"Utah has such favorable laws to eliminate the father ... You've got a mom and a dad, but dad has imperfect rights, so to speak, unless he acts. In cases where he does act, mom can get around that," he said. "I think their eyes are a little more open to the scheme of things that have been happening in the last five to 10 years."
Jenkins disagrees that Utah's registry is a difficult hurdle for fathers to jump. It's easy to fill out, he said, so long as one knows where to look.
"If you were to go on the courts' Web site, it actually has the affidavit on there the way it needs to be," he said. "You actually just need to fill in the blanks."
Pertman said that attitude is representative of many adoption practitioners and ignores the fact that almost no one knows about the registries. He said it doesn't matter how easy they are to fill out if well-meaning fathers too often fail to find them in time.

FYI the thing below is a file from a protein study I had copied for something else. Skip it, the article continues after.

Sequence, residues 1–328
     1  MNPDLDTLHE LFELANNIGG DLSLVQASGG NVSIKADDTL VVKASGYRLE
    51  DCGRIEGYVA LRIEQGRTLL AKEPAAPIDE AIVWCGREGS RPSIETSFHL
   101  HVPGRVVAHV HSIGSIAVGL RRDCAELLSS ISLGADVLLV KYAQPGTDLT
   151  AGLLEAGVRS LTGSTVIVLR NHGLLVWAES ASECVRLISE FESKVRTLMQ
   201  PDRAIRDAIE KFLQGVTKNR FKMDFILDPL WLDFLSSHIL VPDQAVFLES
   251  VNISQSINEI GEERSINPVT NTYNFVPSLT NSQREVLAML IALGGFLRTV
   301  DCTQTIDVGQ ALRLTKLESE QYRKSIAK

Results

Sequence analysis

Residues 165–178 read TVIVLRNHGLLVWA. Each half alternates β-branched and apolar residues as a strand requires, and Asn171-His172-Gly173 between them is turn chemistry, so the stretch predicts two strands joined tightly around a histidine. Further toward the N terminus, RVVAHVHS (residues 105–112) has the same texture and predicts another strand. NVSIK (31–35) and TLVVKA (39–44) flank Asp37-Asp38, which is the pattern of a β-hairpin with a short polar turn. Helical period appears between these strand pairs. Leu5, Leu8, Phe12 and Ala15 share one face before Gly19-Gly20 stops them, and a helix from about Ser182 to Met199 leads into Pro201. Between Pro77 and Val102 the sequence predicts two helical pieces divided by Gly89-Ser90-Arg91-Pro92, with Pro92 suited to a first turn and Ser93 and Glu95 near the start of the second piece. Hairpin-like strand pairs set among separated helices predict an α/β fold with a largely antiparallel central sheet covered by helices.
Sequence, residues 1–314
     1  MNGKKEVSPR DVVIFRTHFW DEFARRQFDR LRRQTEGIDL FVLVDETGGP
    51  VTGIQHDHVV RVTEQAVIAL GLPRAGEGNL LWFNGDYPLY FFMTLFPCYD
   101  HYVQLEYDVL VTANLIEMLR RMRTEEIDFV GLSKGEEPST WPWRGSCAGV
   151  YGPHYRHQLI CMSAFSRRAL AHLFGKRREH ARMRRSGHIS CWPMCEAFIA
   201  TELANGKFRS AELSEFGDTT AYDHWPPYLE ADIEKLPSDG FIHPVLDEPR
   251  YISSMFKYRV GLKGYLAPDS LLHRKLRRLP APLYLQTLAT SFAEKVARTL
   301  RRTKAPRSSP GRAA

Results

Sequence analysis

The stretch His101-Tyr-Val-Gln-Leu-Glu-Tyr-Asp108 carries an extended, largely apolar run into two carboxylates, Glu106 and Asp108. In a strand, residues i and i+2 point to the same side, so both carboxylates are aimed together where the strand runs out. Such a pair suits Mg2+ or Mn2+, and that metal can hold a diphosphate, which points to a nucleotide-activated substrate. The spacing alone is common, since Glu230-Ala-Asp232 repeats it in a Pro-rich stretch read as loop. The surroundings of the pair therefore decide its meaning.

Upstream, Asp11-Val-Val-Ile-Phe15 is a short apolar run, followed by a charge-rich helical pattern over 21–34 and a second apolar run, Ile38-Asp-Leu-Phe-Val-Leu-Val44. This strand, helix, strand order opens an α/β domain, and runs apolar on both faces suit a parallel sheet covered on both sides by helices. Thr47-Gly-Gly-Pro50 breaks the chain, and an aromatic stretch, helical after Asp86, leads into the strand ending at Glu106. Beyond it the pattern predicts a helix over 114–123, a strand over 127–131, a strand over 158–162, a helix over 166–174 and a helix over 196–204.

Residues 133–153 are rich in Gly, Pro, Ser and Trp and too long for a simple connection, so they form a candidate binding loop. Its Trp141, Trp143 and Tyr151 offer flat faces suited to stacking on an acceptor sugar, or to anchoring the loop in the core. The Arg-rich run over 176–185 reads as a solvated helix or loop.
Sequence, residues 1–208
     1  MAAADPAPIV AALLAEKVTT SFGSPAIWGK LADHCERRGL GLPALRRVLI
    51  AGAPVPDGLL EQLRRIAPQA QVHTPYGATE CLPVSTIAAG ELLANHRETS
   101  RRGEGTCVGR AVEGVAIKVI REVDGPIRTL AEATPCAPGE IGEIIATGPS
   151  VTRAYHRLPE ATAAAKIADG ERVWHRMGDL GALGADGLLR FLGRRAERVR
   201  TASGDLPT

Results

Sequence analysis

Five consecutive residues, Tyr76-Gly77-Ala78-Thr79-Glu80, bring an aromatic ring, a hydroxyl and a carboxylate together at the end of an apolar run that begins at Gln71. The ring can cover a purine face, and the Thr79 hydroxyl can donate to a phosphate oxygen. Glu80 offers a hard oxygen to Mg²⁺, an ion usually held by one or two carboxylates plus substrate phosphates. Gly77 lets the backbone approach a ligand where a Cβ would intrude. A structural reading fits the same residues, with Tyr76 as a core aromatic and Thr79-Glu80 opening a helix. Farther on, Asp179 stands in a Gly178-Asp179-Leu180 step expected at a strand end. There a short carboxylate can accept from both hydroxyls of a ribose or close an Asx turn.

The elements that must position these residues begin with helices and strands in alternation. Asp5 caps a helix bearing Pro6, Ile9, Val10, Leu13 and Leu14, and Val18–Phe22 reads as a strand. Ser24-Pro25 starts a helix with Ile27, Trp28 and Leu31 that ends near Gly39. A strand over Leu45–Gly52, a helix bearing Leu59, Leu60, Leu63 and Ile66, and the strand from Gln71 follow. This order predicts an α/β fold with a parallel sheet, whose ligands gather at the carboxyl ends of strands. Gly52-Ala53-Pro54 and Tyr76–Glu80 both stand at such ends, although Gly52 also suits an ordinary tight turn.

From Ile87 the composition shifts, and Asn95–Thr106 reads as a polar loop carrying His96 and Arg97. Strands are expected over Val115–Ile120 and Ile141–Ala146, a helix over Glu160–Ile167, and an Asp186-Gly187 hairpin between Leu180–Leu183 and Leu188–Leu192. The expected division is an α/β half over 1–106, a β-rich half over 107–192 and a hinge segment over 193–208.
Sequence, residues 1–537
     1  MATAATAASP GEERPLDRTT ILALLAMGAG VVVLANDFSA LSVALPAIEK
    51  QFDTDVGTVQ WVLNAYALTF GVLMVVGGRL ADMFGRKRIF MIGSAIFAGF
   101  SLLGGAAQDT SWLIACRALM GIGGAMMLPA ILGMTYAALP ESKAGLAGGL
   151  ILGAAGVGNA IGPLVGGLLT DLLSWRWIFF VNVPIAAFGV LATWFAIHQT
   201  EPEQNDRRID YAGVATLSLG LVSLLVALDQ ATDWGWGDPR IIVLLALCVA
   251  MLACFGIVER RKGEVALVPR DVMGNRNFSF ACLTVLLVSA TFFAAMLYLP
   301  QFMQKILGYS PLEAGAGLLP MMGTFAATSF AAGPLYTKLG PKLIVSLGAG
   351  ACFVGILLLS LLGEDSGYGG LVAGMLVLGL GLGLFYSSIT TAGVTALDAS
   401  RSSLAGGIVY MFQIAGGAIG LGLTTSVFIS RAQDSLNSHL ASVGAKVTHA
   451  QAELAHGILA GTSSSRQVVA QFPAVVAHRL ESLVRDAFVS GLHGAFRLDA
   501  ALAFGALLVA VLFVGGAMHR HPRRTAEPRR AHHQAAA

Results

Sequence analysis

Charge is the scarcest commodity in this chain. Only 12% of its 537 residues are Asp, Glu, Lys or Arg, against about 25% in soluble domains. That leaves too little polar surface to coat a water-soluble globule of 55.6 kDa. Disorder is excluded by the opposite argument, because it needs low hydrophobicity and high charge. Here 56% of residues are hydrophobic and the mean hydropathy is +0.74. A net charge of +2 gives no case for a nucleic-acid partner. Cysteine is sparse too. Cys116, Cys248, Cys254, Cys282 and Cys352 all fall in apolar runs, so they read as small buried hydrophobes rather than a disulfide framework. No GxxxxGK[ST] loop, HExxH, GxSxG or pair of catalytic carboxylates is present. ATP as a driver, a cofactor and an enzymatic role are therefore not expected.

All the media attention focused on Utah's adoption laws has led Idaho state Sen. Michael Jorgenson to investigate the issue himself. He said one of his constituents is a putative father fighting in Utah to get his child back from an adoption he did not authorize.
"I'm gathering information. ... I don't want to see something like this happen again because the families are being tortured," he said. "We want to try and stop that sort of thing from happening again. I can tell you that had my constituent's adoption been handled by (Idaho), that adoption never would have happened. So yes, there's an issue of (Utah) private adoption placement being, let's say, looser than our state requirements are."
Kathy Searle, program director for the Adoption Exchange, has nine adopted children. The nonprofit group contracts with the Utah Division of Child and Family Services to recruit potential adoptive parents of foster children.
She agrees fathers need more say in the adoption process. She said there's no way to know how many fathers are being excluded from the adoption process by the current laws.
"Think of the hundreds of adoptions where, for whatever reason, the father decided that the fight was just too much and decided not to do it."